James Blake's The Colour In Anything: Is it Okay to Feel Sad?
    • TUESDAY, MAY 10, 2016

    • Posted by: Kirsten Spruch

    Humans are weird. When we're sad, we want to amplify the sadness instead of trying to get better. And the best way to do that is through music. If you're going through a breakup, you're most likely going to reach for Adele's 25 or Bjork's Vulnicura. You want whatever's going to do the best job at keeping that black cloud over your head -- an album with hopeless lyrics and gut-churning builds. Yeah, you may realize you're being melodramatic, but push that thought aside and let the singer validate your feelings. Let them reassure you that you're not alone.

    English singer-songwriter James Blake released his third album, The Colour In Anything, last week. If you're unfamiliar with Blake, just imagine Sam Smith, but if Smith didn't completely lack authenticity and had a more organic, gritty voice. The latest album is exactly what you should listen to if you're feeling down. It's hopelessness, heartbreak, and fear all wrapped up together. The first song, "Radio Silence", is a strong start, with Blake belting out, "I cant believe that you don't want to see me / I don't know how you feel." He's talking about going from seeing someone every day to completely being ripped from them. He's not on the same wave-length as this person and the frustration from this is conveyed by the lyrical repetition and slow build throughout the course of the song.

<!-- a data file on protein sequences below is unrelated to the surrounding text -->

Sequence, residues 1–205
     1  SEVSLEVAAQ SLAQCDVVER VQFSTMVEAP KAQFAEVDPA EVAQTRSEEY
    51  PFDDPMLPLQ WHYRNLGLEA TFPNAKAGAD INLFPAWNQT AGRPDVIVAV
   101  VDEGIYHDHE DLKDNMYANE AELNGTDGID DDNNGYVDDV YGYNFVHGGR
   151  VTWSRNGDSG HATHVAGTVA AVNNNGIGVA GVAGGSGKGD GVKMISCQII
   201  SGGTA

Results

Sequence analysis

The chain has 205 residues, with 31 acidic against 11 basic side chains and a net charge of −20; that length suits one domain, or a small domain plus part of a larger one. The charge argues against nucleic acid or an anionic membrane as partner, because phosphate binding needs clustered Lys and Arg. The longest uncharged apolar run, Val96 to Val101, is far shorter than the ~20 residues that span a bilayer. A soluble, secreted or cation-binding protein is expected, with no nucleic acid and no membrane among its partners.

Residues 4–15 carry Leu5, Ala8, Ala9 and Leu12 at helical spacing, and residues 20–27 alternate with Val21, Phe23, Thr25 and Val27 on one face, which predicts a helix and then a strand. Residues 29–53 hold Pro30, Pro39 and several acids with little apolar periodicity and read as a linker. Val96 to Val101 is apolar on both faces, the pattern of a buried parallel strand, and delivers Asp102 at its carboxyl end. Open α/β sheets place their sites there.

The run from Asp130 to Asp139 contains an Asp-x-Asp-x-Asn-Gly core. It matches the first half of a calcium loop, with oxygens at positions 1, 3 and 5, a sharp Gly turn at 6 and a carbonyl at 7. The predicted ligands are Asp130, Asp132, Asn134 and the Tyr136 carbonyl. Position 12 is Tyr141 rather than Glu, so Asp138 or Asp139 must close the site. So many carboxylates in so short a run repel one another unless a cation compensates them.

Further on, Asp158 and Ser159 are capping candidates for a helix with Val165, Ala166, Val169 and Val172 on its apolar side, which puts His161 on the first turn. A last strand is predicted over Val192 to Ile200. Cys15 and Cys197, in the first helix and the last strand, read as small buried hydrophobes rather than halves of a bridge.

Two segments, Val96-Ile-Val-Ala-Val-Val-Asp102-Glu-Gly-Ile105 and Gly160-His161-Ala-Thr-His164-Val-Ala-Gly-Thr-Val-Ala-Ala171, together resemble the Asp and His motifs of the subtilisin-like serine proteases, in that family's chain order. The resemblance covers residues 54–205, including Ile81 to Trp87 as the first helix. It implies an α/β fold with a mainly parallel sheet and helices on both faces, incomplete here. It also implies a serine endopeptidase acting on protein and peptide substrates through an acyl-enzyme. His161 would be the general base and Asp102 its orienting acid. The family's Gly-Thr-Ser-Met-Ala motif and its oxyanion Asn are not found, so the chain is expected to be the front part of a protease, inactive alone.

On the third track, "Love Me In Whatever Way", Blake presents himself at his most hopeless point. He's telling his lover that he's like clay -- willing to break his back and mold into whatever shape for them, if that means that they'll stay. Tell me where I have to go, and then love me there, he sings. This person is ready to leave him, but he's on his knees, begging, refusing to give up, offering to change into an entirely different person. It's desperate, but without coming off as too whiny, and so we start to ask, "Is it okay to feel this way?"

    We listen to sad music when we're sad because we can relate to it more than ever. It's okay to submit to these emotions. These songs don't necessarily weigh you down, but instead they help you get through it. That's why Adele is one of the most famous singers in the world, The Notebook is one of the most popular movies, and Shakespeare's devastatingly tragic stories will live on forever.

    On this new album, you'll also hear "My Willing Heart", which was co-written by Frank Ocean (and you can tell, because its very Ocean-esque). Every time the kick drum hits, it feels like someone is punching you in the stomach. Blake can easily rip you apart on your own, but another favorite is, "I Need A Forest Fire" which features Bon Iver's Justin Vernon. Together, they completely open up the sonic space. With glitchy whispering panned to one side and desperate screaming/pleading on the other side, dynamic doesn't begin to describe both Blake's sonic and emotional awareness.

    To be fair, if you listened to nothing but feel-good music when you weren't really happy, you'd start to lose perception of reality. As humans, we need that validation and reassurance that what we're feeling is real, and more importantly, that it's okay. If it's a truly beautiful, tragic song (hey, James Blake has 17 new beautiful, tragic songs to offer) then you can almost start to feel a tinge of relief after listening to it.

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